Leadville gives motocross site the green light
LEADVILLE – The Leadville Sports Riders Club recently broke ground on a motorcycle, four-wheeler and snowmobile track on the eastern edge of the city’s airport.After months of preliminary discussions, Lake County Commissioners gave the Riders Club and its leader, Terrance McNicholas, the green light to begin the project in early July.”It went from planning, planning, planning to doing,” said Lake County Commissioner Mike Hickman. “We thought we had done enough due diligence and we felt OK to give the OK. The fact that there’s a grassroots group of volunteers willing to put in the time was a major factor.”The Riders Club was initially working with the Lake County Recreation Advisory Board on putting together a long-range plan for the project, but those discussions have broken off, according to both McNicholas and Hickman.”We decided to let them get going on a smaller scale than what they originally wanted,” Hickman said. “Right now, I refer to it as a prototype rather than an actual track. We need to see if it will work in that location.”
Safety, dust, noise, parking and overall environmental impact are among the issues that could prevent the track from opening for business.McNicholas, who’s committed to addressing every potential road block as it arises, said 70 percent of the track has already been built. “There’s about six of us who have probably put in 100 volunteer hours each so far,” McNicholas said. “We’re almost done with phase 1.”Phase 1, which would include the completion of the first track section, is on hold until suitable soil arrives.”The current dirt is too dusty too ride on,” McNicholas explained. “We’re going to have to cap it with 6 inches of dirt from the Parkville Water District.”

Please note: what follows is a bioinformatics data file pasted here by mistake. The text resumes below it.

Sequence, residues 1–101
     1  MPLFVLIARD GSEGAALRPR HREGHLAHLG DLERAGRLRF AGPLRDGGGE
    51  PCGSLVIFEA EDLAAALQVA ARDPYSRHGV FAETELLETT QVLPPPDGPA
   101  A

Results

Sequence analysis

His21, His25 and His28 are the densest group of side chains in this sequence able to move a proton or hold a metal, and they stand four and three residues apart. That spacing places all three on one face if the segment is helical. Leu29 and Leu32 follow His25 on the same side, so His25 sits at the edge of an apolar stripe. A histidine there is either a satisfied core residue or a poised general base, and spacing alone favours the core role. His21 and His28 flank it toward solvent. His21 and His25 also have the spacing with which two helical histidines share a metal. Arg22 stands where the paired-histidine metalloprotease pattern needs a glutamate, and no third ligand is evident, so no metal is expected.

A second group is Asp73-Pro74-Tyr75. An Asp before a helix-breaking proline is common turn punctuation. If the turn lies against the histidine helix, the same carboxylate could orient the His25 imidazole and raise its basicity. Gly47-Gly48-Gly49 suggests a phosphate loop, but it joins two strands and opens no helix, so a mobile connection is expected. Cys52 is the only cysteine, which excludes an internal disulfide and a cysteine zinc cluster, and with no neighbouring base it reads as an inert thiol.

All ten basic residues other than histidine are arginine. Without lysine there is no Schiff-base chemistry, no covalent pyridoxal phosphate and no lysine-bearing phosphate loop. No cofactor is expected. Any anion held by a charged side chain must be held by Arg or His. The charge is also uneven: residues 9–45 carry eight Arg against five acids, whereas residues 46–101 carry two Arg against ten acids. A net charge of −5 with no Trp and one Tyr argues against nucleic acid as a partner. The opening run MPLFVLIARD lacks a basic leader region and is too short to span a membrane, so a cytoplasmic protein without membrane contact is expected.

If the said earth tests negative for contamination, it will be transported to the track, according to Hickman.The Lake County Road and Bridge department has volunteered its time and equipment, including excavators, loaders and dump trucks, to the cause.”I want to give people in Lake County something to do,” said Brad Palmer, the county’s Road and Bridge director. “There are lots of people riding on vacant lots and vacant land – let’s bring them to a structured race area where we can attract national events.”Hickman compared the current moto/snocross track movement to the rodeo revitalization that took place in Leadville about three years ago.”The rodeo was dysfunctional with no facilities or equipment,” Hickman recalled. “Fifteen or 20 volunteers helped make it into a tremendous success. Now it’s a certified professional event that’s become a large part of Boom Days.”
Hickman said the county chipped in $3,000 for rodeo gates that year, but its overall financial contribution was relatively small.Same goes for the moto/snocross track.”If we’ve spent $5,000 [mostly on metal and plastic fencing]on this so far, I would be surprised,” Hickman said. “We’re not going to stick our neck out and spend $100,000 on bleachers because we don’t believe that if we build it, they will come. I believe it will succeed, but I want to see it happen.”McNicholas said the second phase of the project will involve completing the track and widening the access road, while the third will include creating parking and camping areas. McNicholas envisions the final product encompassing about 50 acres – that’s if all goes according to the Riders Club’s plans. And if not, the land “could be converted back into what it was before,” explained Hickman. “Which was nothing. It was bare ground.”
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The year 2022 will mark the 85th anniversary of the Aspen Valley Ski and Snowboard Club serving the youth of the Roaring Fork Valley. Since the club’s inception in 1937, it has served an integral role in shaping the youth of the valley by coaching and inspiring kids to excel, while promoting a community of passion, grit and mountain culture.